Forging partnerships with indigenous peoples to address climate change
12 Aug 2016 by Terence Hay-Edie
Imagine an extra-terrestrial being gazing down at our Blue Planet from outer space, seeing large expanses of water, gradually turning into swirling sheets of ice at the poles, some 3 trillion trees, as well as extensive deserts made up largely of sand. Homo Sapiens has been on the planetary scene for about 200,000 years, and in this time we’ve expanded across all but the most hostile of these landscapes.
And in so doing, unleashed the Anthropocene – an epoch where human beings have literally changed the geological history of the planet. This has come about most notably through our use of fossil fuels locked up underground for half a billion years.
I remember visiting the Banaue rice terraces of the central Philippines as a child. The ancestral practices of the indigenous Ifugao have allowed them to grow countless varieties of rice, co-evolve with every ecological niche in the landscape, reshaping the very mountains themselves. They represent one of humankind’s longest continuing cultural landscapes, born from the early imperative to produce food for survival.
Emerging from the African Savannah, human beings have come to populate the far corners of the planet. Through global migrations, our ancestors learnt to tread silently through the deepest of rainforests, cross the driest of deserts, live on the most treacherous of ice flows, and chart a course across the world’s roughest of seas.
How was this possible? Through traditional knowledge honed through trial and error over generations.
Science has, on the one hand, allowed us to make impressive strides in medicine and agriculture, on the other, it has missed the importance of the intimacy with which indigenous peoples inhabit their environments.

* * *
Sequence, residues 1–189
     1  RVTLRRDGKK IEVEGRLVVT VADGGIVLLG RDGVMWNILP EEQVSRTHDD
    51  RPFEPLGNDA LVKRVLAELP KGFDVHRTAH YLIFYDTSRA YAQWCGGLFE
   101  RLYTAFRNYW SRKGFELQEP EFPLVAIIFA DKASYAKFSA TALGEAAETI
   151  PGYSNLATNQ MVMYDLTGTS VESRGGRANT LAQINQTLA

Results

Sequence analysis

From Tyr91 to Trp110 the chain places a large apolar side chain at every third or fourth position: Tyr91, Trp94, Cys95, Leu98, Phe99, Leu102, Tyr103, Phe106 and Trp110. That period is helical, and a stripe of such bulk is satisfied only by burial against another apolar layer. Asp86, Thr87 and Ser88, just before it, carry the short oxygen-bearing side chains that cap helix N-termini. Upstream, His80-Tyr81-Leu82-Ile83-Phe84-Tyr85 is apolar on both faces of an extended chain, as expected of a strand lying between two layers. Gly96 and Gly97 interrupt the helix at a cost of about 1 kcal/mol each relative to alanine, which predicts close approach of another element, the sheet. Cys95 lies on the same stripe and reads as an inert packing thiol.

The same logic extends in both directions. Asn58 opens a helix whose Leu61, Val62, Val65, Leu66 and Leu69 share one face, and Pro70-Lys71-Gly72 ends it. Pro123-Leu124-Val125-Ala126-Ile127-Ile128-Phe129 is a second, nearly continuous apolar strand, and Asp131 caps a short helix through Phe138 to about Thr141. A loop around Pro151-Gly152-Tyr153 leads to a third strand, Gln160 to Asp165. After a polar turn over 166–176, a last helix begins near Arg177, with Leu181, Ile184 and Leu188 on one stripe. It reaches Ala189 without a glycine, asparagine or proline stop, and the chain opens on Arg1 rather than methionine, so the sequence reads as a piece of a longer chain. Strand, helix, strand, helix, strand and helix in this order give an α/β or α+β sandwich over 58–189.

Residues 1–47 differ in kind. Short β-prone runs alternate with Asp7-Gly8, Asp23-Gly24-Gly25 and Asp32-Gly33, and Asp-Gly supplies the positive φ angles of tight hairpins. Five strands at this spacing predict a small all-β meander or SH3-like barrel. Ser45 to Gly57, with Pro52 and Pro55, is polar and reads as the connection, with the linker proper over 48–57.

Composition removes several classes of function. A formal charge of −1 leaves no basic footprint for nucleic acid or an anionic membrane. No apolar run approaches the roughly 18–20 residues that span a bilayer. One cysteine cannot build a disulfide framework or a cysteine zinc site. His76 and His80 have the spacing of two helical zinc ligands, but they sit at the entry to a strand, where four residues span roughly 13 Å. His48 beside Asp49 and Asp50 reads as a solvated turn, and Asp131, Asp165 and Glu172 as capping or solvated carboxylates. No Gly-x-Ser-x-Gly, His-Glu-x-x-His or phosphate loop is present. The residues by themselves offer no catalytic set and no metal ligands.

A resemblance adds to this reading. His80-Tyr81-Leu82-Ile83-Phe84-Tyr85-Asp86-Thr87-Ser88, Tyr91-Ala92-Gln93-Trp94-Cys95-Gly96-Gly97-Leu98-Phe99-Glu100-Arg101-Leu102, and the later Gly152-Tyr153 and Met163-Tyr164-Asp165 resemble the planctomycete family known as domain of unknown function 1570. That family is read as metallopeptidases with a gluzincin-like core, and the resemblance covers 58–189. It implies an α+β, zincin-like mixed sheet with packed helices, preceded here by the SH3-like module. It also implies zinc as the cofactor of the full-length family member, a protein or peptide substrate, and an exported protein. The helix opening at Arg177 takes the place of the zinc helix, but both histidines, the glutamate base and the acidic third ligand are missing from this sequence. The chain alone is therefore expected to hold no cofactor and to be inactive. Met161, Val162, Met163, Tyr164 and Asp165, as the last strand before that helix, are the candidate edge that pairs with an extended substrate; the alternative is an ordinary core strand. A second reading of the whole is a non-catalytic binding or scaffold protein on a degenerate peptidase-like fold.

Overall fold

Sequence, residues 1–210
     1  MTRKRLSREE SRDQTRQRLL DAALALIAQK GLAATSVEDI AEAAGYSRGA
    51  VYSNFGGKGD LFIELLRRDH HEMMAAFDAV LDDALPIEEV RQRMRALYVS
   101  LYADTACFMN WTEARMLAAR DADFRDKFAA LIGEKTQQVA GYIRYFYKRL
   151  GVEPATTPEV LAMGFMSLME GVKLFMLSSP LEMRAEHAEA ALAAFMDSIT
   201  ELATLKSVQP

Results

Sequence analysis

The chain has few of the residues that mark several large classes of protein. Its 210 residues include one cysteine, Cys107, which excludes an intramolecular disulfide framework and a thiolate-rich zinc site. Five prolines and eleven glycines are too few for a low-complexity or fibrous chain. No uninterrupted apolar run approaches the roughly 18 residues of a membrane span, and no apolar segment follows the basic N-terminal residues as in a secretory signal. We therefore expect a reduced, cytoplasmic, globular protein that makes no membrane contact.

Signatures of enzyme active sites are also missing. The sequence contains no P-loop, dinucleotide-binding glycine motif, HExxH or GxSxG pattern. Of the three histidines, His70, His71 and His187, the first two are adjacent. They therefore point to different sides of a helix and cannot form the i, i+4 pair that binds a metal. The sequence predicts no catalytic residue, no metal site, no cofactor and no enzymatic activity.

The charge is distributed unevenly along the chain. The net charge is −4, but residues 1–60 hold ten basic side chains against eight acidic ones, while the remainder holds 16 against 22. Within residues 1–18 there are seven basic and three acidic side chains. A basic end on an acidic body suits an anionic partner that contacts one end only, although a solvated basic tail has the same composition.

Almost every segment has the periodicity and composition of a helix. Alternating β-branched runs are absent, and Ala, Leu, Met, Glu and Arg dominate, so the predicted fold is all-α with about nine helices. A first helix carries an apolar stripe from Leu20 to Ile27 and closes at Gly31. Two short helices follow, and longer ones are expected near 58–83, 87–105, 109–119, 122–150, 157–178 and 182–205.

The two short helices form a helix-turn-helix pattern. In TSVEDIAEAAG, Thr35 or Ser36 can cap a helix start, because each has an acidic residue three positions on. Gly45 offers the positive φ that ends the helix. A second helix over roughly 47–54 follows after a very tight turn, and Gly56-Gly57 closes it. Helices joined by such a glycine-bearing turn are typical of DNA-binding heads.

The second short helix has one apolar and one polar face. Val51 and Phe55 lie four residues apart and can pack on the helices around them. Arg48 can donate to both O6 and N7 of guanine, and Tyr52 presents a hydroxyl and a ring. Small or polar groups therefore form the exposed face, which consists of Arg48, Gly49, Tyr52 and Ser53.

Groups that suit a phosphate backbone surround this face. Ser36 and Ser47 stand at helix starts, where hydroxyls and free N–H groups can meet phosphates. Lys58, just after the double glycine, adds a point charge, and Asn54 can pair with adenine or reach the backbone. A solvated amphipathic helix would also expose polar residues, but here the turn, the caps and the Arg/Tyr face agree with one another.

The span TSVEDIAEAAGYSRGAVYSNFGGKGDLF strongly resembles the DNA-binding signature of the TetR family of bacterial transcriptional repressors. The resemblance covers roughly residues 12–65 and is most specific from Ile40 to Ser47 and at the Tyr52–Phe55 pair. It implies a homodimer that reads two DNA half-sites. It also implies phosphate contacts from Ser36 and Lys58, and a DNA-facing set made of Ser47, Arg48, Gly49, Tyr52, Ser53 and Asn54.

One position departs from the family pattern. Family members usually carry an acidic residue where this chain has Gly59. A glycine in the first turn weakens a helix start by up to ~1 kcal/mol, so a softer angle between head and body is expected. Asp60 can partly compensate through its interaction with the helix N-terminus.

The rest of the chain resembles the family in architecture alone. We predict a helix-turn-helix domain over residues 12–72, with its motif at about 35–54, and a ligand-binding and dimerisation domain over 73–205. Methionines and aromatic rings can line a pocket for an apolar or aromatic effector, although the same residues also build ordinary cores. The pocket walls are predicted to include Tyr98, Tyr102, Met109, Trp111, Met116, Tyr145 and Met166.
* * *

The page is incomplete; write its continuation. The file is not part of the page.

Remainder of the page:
For most of human history, nature has been our class-room. We are a travelling species, inquisitive from the outset. The songs of birds have shaped the myths of the rainforest-dwelling peoples of Papua New Guinea, an everyday poetry experienced through a walk in the forest, not from behind a desk, or a vibrating phone.
For many indigenous peoples, knowledge can only be transmitted through these movements: examining the leaves, sand, snow and skies as they change from day to day. Sea-faring peoples in Micronesia, could navigate the ocean currents in the Pacific using bamboo lattice maps, crossing thousands of miles of open seas. Like language acquisition, the educational system was an embodied experience.
Recognising the importance of this traditional knowledge, a partnership of United Nations agencies launched a report at the Rio+20 Summit on ‘Weathering Uncertainty’. This year, the Inter-Governmental Policy Platform on Biodiversity and Ecosystem Services (IPBES) has also moved closer to a profound reconciliation of western science with traditional knowledge as co-equal in addressing and solving development challenges.
In Borneo, ethnobotanical studies with the indigenous Dusun have tripled the number of known plants first observed by Western-trained botanists. In the Artic, NASA is collaborating with reindeer herders to exchange remote sensed data on snow quality, which the Saami use to avoid hardened ice sheets in search of lichen for their animals to graze – in return sending back data on the accuracy of the satellite images produced by the “extra-terrestrial” scientific models.
This year’s ‘Earth Overshoot Day’ came in early August: marking the point in a given year when we exhaust our annual quota of natural capital. For the remainder of this year, we will be eating into our future.
This year marks a turning point where governments will submit plans to keep global temperature increases to under two degrees. As the world’s indigenous peoples reminded the COP21 in 2015, their ancestral knowledge offers a tremendous contribution to assessing, adapting to, and mitigating climate change.
In mid-2016, the ‘International Network of Indigenous Mountain Peoples’ reconvened in Yunnan, China, to facilitate a global South-South exchange of traditional knowledge, seeds and technologies, for peoples living at high altitudes – who, like those in small islands -- are particularly susceptible to the effects of climate change.
Under the terms of the Paris Accord, indigenous peoples are hopeful that the Green Climate Fund will work to respect, protect, and recognise their traditional knowledge as a response to a changing global climate. We have been here before, at the end of the last ice age. Indigenous wisdom is part of our collective memory. Let us not squander it.